The year 2018 was a firecracker time for interior designer Cate Caruso. Between trips to see clients along the East Coast and beyond, Caruso flew to London to pick up an International Design and Architecture Award, presented by All the while, she continued her work at her home base, STUDIO C in Manhattan, including designing a few pieces of jewelry for Shah & Shah in Washington, D.C. At the end of the year, she flew to Sri Lanka for a bit of creative downtime.

By all accounts, Caruso is generating enough star power to light up another dazzling year. At age 30, she is making a name for herself in oceanfront interior design, often in collaboration with esteemed architects. Her interiors achieve just the right balance of frisson and calm.

More important for Caruso than professional recognition is the opportunity to dig into her well of creative expression. The joy, she says, lies in stitching a thread of her life’s creative fabric into her designs. A perfect evening for her is meeting up with her friends in fashion and art and talking about colors over a table of great food and wine, intuiting her clients’ needs throughout the process. As Caruso says, “It’s about creating homes that are the canvas for people’s lives.”

Whether she is conjuring a snappy, veering-to-edgy design for a Florida bungalow or an elegant space for a historic waterfront home, Caruso’s interiors exhibit a luxe fluidity of artful understatement and creature comforts.

When a couple in Naples, Florida, approached the designer, she could see they needed a dose of tranquility. “They have another house in New York City, so they enjoy art, culture, and visual saturation there,” Caruso says. “They just love the peaceful calm of the west coast of Florida.”

At the same time, they wanted to bring the luxurious feel of their New York home (and references to their world travels) to the Naples house, now the retired couple’s main residence. “We wanted the interior to be fluid, both in comfort and design sensibility,” Caruso says. “It could be in Bali, California, the European coast.” 
Warm yet sleek, the Naples home is divided into four pavilions, connected by limestone-clad hallways and bathed in neutral shades. The quiet walls double as display space for texture-rich details, such as a contemporary Italian chandelier reminiscent of a pattern of barnacles, which hangs over a custom rosewood and polished stainless steel dining table. “I thought it was a wonderful, subtle reference to the seaside location and local boating culture,” Caruso says of the fixture. Millwork in the office is mahogany with a bronze inlay; doors between the living and dining rooms consist of thin sheets of bronze around a wood core for a seamless, weightless effect.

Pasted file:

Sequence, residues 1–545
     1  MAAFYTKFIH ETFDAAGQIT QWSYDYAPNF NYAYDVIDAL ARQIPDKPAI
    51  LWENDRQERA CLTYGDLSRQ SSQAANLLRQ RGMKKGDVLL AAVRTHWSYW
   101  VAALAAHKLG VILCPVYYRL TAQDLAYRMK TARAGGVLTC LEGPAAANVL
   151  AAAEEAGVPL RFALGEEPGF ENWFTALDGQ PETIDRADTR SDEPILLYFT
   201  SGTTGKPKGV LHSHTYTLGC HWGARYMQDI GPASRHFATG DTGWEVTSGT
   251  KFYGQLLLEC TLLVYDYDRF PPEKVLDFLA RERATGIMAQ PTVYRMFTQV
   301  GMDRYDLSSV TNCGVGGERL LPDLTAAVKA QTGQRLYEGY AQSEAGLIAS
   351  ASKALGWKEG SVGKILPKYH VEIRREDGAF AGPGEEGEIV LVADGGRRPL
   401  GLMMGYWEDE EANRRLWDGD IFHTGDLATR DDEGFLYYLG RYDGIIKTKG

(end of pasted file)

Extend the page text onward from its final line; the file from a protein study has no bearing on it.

Up north, on the island of Martha’s Vineyard in Massachusetts, Caruso collaborated with architect Patrick Ahearn to give new life to an 1840s Greek Revival house. The house had been moved to a location across from Edgartown Harbor in the 1950s, and 60-odd years later it was suffering.

“It was kind of dilapidated and had been overlooked for a generation,” Caruso says. The challenge for the team was to create an interior with open space and flexibility, within the confines of the historic district’s restrictions. General contractor Gerret Conover of Conover Restorations in Edgartown was also key to the transformation, she adds.

Today, the kitchen, dining room, and living room gently segue toward a terrace and pool. “It’s a cool summertime flow,” the designer says. Driven by the couple’s English antiques and furniture and the fact that it’s primarily a summer home, Caruso didn’t want the obvious palette. She did, however, want to incorporate multi-seasonal character. All the upholstery was redone in English countryside colors—heather blue, rust, sage green, antique rose, and chestnut—in natural fiber, silk, and linen fabrics.

Caruso also introduced 1920s French style, including brass-and-walnut bar stools in the kitchen. Curves in the 19th-century English and French furniture gently carry the eye with their graceful movement. Jonas Upholstery in New York City built many of the wood pieces, including a set of four art deco chairs placed in the dining room’s cozy cocktail seating area. The sumptuous bed in the master bedroom is by Savoir, with upholstery fabric by Rose Tarlow. Wood surfaces were treated with English lacquer to match the couple’s antique English furniture.

Caruso’s background reflects the same rich texture. She started STUDIO C several years ago—and has purposefully kept it small—after receiving her design degree at Parsons School of Design and working in the boutique firm of Pepe Lopez Design in New York City.

“I’m a creative across the board,” she explains. “I love to cook and develop recipes for friends, draw, and experiment making cocktails.” She also percolates custom furniture, lighting, and millwork designs.
Everything, from her ventures to her creative pursuits, connects in one vision. “I think creativity is fluid,” Caruso says. “It’s not just interiors; it’s across the spectrum. All the areas inform and support each other. It all blends together.